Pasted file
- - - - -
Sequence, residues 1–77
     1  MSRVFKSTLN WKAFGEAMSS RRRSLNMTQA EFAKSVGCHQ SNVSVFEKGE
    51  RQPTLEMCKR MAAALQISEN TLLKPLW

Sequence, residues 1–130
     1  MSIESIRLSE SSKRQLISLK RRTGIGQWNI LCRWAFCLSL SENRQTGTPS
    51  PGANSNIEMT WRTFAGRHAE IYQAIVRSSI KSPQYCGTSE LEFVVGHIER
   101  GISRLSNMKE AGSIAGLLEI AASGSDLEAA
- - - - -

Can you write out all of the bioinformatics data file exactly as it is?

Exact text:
Sequence, residues 1–77
     1  MSRVFKSTLN WKAFGEAMSS RRRSLNMTQA EFAKSVGCHQ SNVSVFEKGE
    51  RQPTLEMCKR MAAALQISEN TLLKPLW

Sequence, residues 1–130
     1  MSIESIRLSE SSKRQLISLK RRTGIGQWNI LCRWAFCLSL SENRQTGTPS
    51  PGANSNIEMT WRTFAGRHAE IYQAIVRSSI KSPQYCGTSE LEFVVGHIER
   101  GISRLSNMKE AGSIAGLLEI AASGSDLEAA